Police Officer Salary By Experience
|Experience Level||Low Hourly||High Hourly||Low Annual||High Annual|
|20 Years +||$20.38||$53.22||$42,390.00||$110,690.00|
Police officers are individuals who are expertly trained in law enforcement and are also called law enforcers. They are constituted by state governments to protect citizens and property, to limit and contain civil disorder, and to enforce the law. They are also employed to provide security for government officials and important buildings and facilities. In events of emergencies and disasters, police officers are also put on the scene to direct traffic, provide crowd control personnel, and to give first aid to victims.
While public safety is the core responsibility of every police organization, police officers are also tasked to prevent and investigate crimes and to arrest individuals who are believed to be involved in criminal activities. The arrested individuals and the results of their queries are then referred to the courts for hearing and trial. Police officers also go undercover to penetrate criminal organizations to install surveillance systems and acquire evidences.
Police officers are also trained to apply necessary amount of force and violence to subdue, or even neutralize, threats and other hostile personnel that could cause damage and serious harm to property and to other people.
There are various types of police officers, whose responsibilities are outlined by the nature of their work.
State police officers, also called highway patrol officers or state troopers, are responsible in enforcing traffic laws in state highways and roads. State police officers are also called upon to assist in road accidents and emergencies and in apprehension of suspects through blockades and aiding in chases. All states have state police officers except in Hawaii.
Sheriffs and deputy sheriffs are law enforcers who at the county level. They are usually given the job through election by the public and functions a lot like a police officer in an urban setting. Sheriff unites are relatively small. They are also tasked to operate county jails and serve in local courts.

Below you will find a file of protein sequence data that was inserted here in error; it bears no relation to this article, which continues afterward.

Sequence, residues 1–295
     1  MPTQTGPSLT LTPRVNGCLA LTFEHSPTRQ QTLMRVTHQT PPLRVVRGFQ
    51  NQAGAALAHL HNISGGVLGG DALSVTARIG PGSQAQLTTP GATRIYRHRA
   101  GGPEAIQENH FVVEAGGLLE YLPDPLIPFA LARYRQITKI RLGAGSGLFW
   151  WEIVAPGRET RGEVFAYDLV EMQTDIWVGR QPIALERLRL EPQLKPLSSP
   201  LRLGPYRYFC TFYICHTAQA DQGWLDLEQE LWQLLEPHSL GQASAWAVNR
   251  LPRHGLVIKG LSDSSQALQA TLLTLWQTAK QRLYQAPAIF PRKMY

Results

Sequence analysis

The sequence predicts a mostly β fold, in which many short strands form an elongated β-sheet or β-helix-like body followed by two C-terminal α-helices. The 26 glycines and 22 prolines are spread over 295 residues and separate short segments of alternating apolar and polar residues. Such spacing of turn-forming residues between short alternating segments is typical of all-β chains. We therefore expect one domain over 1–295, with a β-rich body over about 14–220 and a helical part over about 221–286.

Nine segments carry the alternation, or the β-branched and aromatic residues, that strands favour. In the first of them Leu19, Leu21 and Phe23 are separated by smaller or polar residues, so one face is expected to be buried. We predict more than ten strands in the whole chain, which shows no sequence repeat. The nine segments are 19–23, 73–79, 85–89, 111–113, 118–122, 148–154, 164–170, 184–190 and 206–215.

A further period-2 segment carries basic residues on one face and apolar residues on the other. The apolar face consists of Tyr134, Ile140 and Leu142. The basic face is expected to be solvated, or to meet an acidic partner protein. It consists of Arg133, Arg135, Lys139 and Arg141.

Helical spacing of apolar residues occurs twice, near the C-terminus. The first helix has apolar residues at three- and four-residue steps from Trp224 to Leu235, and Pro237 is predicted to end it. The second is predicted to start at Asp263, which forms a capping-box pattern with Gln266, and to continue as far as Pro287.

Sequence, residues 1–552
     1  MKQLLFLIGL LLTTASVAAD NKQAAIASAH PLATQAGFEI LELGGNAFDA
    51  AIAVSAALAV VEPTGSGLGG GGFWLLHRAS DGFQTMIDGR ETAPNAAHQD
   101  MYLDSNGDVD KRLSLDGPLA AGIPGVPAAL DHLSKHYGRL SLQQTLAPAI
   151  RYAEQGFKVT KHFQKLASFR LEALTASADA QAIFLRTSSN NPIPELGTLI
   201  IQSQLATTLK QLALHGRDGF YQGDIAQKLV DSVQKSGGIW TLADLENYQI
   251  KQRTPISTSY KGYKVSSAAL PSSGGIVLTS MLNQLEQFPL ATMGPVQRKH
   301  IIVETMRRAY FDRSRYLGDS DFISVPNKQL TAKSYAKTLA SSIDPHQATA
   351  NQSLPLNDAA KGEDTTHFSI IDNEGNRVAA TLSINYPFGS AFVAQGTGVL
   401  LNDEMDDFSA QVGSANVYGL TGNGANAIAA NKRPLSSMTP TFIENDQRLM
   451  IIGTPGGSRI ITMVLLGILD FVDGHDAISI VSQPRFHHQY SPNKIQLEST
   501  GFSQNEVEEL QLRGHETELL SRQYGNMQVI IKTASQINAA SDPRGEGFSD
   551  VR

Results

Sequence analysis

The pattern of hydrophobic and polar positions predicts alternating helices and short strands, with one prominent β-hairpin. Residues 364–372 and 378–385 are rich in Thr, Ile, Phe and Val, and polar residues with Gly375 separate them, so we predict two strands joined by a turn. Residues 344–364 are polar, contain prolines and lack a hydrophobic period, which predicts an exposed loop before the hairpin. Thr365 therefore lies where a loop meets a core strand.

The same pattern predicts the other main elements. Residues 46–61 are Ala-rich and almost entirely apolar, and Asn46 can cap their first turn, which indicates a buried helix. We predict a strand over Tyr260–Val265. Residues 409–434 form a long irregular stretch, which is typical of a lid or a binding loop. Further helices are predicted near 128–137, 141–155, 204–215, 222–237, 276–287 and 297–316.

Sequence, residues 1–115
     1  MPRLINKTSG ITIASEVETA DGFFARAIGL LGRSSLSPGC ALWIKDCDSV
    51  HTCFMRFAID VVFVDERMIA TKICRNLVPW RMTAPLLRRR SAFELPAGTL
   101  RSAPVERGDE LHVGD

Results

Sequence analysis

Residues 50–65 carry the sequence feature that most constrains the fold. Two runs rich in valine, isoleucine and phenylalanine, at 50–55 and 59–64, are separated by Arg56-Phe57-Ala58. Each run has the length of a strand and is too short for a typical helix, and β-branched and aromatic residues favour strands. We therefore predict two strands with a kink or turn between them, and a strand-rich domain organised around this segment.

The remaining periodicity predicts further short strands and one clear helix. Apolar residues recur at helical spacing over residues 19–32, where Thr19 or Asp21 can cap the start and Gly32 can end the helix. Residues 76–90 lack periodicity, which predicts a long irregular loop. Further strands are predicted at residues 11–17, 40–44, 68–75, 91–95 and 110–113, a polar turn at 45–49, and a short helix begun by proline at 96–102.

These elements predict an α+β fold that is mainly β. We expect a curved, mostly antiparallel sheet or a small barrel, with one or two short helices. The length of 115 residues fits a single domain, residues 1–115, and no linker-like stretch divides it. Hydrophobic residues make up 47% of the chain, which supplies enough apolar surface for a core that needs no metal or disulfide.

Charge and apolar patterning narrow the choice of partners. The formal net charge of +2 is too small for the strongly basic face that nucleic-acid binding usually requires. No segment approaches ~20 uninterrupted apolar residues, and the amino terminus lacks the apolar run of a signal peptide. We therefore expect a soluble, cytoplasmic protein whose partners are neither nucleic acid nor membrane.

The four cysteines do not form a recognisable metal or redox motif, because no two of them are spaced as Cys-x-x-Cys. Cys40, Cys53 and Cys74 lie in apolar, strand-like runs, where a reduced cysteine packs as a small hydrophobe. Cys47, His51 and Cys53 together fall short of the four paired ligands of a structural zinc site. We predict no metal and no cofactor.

Criminal investigator and detectives are police officers who conduct investigations regarding a criminal case. They examine evidences, interview witnesses, observe the activities of suspects, and participate in raids or arrests.
As of May 2011, there are 636,410 police officers and detectives in the United States. The annual median police officer's salary is found to be $54,230 yearly, or about $26.07 an hour. The top 10% are earning a police officer salary of $84,980 a year or more, while the bottom 10% makes $32,080 or less on an annual basis.
Police salary rates differ on varying degrees. One of the differing factors is the type of organization that pays for the police officer's salary. Certain organizations are willing to shell out higher police salary rates than other organizations but require individuals with advanced experience and skills. Other law enforcement agencies may have huge number of positions but these are only at the entry level, which warrant low wages.
The biggest employers of police officers are organizations at the local level. According to the Bureau of Labor Statistics, around 542,060 police officers and detectives are now given jobs at local level and are earning an average police officer salary of $56,160 a year, which is slightly above the national average. State level law enforcement agencies now employ 63,030 police officers and detectives and are paying them a more substantial pay rate of $60,650 a year. State lever agencies also offer the highest pay rate for police officers, followed by local law enforcement offices.
Looking at the big picture, the information shows that there is a huge demand for police officers at the local level. But since most of these job opportunities are entry-level positions, the pay rate is lower. As one advances further into his or her police career and a considerable amount of experience and knowledge, one can apply for a state-level position where the police officer salary is higher.
To become a police officer, one must have at least a high school diploma or its equivalent to qualify for a police training program. But some states are now obligating candidates to finish a two-year program before they can be accepted for police officer training course. Employment prospects are even brighter for those who have a college degree in criminal science, criminal justice, public safety, or law enforcement.